The desirability of listening to expert advice has been debated a lot recently, first with Brexit, then with COVID. I think it’s worth trying to understand when one should listen to the experts, and when not. TL;DR:
First, I think expert opinion can be classified into three different buckets:
- policy advice;
- statements of fact according to the most accurate empirical evidence;
Right from the get-go, we must recognise that, because policy is ultimately a matter of preferences and not objective truth, experts’ policy recommendations are only valuable inasmuch as their audience agrees with their policy’s objective. Take Brexit: suggesting one should listen to economists who argue the public must vote Remain, because leaving the EU would have disastrous effects on the British economy, is only good advice is one’s criteria for making this decision are based on economics. If one doesn’t care about the economy, and wants to vote Leave for legislative independence / symbolic gesture / stick it to Cameron, then it does not matter what economists think about the impact on trade (though of course, the advice of other experts, e.g. jurisprudence scholars, is still valuable).
This argument is simple enough, yet it is frequently overlooked: all too often, we are told people are stupid because they are not listening to the experts, overlooking that the experts are advocating policy that has a different objective to that of its detractors.
Statements of fact
When it comes to statements of fact, the first thing one needs to evaluate to decide how much to weigh an opinion is the level of expertise of the person stating the fact. A priori, I will weigh a doctor’s advice on medical matters more than that of a lawyer.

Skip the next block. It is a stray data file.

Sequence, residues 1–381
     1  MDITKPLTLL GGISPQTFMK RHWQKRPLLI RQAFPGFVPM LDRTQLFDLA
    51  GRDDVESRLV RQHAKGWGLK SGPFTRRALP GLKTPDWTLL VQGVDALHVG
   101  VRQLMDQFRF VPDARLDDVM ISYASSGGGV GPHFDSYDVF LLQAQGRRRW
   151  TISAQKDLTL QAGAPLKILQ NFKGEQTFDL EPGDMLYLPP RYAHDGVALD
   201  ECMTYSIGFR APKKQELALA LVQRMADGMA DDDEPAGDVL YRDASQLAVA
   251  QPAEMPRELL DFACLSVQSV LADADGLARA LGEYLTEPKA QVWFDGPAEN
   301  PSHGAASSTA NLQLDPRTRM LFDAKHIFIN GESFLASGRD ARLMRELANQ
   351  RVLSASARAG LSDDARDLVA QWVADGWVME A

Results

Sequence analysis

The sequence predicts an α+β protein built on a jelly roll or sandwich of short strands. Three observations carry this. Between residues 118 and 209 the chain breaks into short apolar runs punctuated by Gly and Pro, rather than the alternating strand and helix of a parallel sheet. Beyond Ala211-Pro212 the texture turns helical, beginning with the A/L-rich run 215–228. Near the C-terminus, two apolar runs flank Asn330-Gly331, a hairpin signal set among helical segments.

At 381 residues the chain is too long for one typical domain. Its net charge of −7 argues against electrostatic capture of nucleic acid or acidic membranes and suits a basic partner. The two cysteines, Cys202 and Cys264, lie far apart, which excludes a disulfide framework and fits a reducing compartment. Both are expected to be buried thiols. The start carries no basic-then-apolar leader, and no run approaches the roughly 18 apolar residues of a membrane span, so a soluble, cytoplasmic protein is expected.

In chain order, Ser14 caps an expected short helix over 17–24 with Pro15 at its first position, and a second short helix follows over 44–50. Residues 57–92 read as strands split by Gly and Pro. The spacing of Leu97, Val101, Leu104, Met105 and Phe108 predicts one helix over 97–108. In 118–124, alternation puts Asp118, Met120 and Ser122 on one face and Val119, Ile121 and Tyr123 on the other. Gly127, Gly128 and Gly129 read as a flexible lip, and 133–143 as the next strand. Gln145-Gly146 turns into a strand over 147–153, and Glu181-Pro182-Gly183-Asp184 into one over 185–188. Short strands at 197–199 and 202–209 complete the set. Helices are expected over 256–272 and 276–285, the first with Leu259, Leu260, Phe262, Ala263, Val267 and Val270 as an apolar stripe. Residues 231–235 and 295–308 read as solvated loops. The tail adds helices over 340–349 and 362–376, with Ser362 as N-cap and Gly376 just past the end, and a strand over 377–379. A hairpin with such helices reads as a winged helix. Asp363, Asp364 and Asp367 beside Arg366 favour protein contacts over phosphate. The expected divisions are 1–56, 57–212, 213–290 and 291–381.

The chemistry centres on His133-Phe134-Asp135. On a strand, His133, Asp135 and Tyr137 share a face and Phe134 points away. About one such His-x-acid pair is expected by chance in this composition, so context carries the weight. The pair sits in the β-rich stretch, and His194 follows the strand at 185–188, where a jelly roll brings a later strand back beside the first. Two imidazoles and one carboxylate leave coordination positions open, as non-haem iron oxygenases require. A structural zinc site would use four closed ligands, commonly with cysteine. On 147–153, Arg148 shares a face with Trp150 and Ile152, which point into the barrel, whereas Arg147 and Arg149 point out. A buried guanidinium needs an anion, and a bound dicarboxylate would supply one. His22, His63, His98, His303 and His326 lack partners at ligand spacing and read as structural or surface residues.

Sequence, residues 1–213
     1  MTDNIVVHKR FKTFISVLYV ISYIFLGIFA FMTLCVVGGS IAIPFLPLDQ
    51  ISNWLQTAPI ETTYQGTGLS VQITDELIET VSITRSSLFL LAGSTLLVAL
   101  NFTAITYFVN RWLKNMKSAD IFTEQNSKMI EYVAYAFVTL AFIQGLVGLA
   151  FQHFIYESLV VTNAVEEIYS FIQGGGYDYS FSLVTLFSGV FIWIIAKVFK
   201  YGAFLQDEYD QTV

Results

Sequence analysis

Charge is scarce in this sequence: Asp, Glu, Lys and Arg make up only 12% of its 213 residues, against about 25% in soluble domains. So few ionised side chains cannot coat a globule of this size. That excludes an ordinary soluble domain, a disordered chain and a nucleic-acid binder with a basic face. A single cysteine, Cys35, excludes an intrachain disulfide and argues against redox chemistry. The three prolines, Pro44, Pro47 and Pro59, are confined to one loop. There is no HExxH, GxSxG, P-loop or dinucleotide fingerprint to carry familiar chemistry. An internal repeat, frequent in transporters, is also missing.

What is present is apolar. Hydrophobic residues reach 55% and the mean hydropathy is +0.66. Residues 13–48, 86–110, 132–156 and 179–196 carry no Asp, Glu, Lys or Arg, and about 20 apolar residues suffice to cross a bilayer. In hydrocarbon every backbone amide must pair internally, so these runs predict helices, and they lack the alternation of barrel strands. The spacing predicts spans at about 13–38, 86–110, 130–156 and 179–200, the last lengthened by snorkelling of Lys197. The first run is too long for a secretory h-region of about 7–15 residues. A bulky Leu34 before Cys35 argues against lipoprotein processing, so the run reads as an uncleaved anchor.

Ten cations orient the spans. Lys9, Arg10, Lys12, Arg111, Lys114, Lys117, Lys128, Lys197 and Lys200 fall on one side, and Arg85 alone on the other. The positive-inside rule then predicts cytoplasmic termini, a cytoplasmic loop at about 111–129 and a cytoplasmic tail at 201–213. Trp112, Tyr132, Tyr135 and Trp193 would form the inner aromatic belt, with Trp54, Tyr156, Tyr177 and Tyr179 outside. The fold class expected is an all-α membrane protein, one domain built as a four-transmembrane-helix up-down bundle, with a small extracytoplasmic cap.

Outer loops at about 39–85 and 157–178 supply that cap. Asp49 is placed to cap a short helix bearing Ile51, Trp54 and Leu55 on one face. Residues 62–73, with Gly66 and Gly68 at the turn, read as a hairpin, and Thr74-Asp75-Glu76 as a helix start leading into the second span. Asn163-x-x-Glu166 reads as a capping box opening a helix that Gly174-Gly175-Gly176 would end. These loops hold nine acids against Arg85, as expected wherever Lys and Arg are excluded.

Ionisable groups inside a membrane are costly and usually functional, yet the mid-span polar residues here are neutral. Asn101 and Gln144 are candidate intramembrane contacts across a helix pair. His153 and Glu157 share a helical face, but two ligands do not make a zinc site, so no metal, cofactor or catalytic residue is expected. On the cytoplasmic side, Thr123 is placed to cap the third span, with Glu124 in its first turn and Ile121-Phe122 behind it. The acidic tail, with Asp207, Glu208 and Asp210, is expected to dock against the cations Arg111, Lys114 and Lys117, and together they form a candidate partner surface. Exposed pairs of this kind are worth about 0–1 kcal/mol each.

However, there are three issues that arise when discussing facts:
First, experts are often not precise enough when they describe things as ‘facts’. This is what often causes them to change their opinion, eroding the public’s trust. The WHO famously claimed that healthy people need not wear face masks; the fact here was that there has been no randomised trial study conclusively proving wearing masks prevents transmission of a virus — but then again, neither has there been a randomised trial study proving parachutes save lives. This is a classic example of mistaking absence of evidence for evidence of absence — and labelling the latter a ‘fact’. When the WHO then issues new guidance, it’s fair enough for the confused public to wonder what makes the guidance right this time. Similarly, experts are often quick to label current thinking as ‘fact’ — and this is exacerbated by the media, which usually do away with any nuance in the original expert opinion. For example, just a few weeks ago, scientists argued that a ‘first dose first’ vaccine strategy is a bad idea. Now, this approach is gaining ground, both among experts and policy makers. Was it a fact that prioritising more doses was a sounder approach? No — it turns out it was an assumption.
Second, laypersons often misunderstand an expert’s true domain of expertise — and professionals sometimes claim expertise in fields that are only akin to theirs. A lawyer is qualified to offer advice on how the law works, and though they may have put more thought than a lay person on how the law should work, that is not their expertise. One cannot therefore claim that a lawyer is better qualified than a doctor to opine on, say, capital punishment; they may be better-read, and equipped to offer statistics on the number of wrongful convictions etc — but, as argued in the preceding section, if one opposes capital punishment on principle, and not on some cost-benefit analysis, they have no reason to heed the lawyer’s advice.